TDA 2.4: Equality, Diversity and inclusion in work with children and young people 1. Understand the importance of promoting equality and diversity in work with children and young people. 1.1 Identify the current legislation and codes of practice relevant to the promotion of equality and valuing of diversity. Child Act 1989 - This allocated duties to local authorities, courts, parents and other agencies in the United Kingdom, to ensure children are safeguarded and their welfare is promoted. It centres on the idea that children are best cared for within their own families; however, it also makes provisions for instances when parents and families do not co-operate with statutory bodies.
All schools and organisations involving children should have by law a safeguarding policy. It’s a holistic approach to looking after children and young people involving all agencies that may have an interest. The policies are now called safeguarding, not child protection due to child protection being based mainly on abuse; safeguarding covers everything of child protection and more. Safeguarding is all the policies and procedures given to help provide the child some safety; all policies and procedures should be reviewed and updated regularly. Child protection is part of the wider concept to safeguard and promote the welfare of children and young people and is to do with looking out for the children that look to be suffering from any kind of abuse, maltreatment and trying to prevent impairment before it’s too late.
What legislation is there in place to safeguard children and vulnerable adults? Children’s act 2004 The children’s act 2004 is a legislation that is put in place to ensure that children are safeguarded and protected. The children’s act 2004 was passed on the 15th of November 2004.The children’s act 2004 was accompanied by the launch of a major strategy document for English authorities. This was a green paper every child matters which is set out to support children and their families. Setting out five outcomes and support them to be • Safe • Healthy • Enjoy and achieve • Economic well being • Positive contribution to society The children’s act changed law to protect children, and changed the laws on how to deal with issues that are to do with children.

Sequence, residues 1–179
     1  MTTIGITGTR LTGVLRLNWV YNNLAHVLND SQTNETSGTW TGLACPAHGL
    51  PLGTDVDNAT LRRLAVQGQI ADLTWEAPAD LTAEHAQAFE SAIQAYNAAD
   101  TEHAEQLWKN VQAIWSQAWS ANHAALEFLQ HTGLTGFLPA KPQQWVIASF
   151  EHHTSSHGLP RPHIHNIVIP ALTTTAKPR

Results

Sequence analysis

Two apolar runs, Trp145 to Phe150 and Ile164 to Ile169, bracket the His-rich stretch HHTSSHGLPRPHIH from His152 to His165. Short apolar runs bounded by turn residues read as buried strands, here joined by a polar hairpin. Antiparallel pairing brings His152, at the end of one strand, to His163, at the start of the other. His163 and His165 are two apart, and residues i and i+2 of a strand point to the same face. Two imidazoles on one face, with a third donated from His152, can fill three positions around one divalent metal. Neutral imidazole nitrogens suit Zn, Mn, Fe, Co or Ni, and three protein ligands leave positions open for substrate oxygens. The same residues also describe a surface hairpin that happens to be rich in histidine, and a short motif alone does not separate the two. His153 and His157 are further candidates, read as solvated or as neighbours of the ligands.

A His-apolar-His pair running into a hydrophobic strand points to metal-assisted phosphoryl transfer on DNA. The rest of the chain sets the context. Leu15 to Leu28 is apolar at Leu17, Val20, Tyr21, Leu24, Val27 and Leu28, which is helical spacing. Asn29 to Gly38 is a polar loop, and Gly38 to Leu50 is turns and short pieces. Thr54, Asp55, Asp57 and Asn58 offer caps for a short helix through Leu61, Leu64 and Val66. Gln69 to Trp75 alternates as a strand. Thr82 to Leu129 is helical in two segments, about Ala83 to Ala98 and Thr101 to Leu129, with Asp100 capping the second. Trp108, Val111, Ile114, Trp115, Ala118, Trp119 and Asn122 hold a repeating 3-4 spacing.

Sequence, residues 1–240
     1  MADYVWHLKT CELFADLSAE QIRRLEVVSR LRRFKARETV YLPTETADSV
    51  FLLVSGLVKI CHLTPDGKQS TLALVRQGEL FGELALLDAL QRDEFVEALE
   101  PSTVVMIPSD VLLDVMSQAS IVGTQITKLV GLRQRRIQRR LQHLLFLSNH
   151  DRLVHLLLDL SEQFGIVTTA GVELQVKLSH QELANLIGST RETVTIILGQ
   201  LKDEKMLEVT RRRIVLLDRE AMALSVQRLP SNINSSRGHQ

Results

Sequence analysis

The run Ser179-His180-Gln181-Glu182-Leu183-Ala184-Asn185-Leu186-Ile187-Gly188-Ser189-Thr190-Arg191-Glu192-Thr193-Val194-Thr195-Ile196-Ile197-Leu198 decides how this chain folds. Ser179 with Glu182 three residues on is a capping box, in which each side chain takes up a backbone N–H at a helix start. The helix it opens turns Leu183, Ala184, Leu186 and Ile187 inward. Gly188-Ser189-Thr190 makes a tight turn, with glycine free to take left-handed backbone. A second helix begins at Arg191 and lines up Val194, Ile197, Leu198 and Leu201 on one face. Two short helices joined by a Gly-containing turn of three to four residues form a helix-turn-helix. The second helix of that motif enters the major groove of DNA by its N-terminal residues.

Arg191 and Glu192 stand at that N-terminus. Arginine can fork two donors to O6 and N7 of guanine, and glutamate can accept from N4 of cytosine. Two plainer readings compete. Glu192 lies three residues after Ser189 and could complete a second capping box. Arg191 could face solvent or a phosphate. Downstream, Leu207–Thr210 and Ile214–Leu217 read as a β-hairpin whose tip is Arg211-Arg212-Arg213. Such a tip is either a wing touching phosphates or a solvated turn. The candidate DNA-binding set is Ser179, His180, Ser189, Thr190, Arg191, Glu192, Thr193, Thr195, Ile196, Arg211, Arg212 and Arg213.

Diploma in Pre-School Practice L3 Assignment - Unit 3 March 2012 Making the pre-school setting a supportive and safe environment. P1 – Early years settings must work within a framework of legislation to work towards meeting the needs of all children and families who attend. The Equality Act became law in October 2010 and replaced all existing discrimination legislation, such as The Disability Discrimination Act 1995 and the Sex Discrimination Act 1975. The Act states that people with protected characteristics must not be discriminated against. The protected characteristics are age, disability, race, religion, gender, gender reassignment, pregnancy/maternity, sexual orientation and marriage/civil partnership.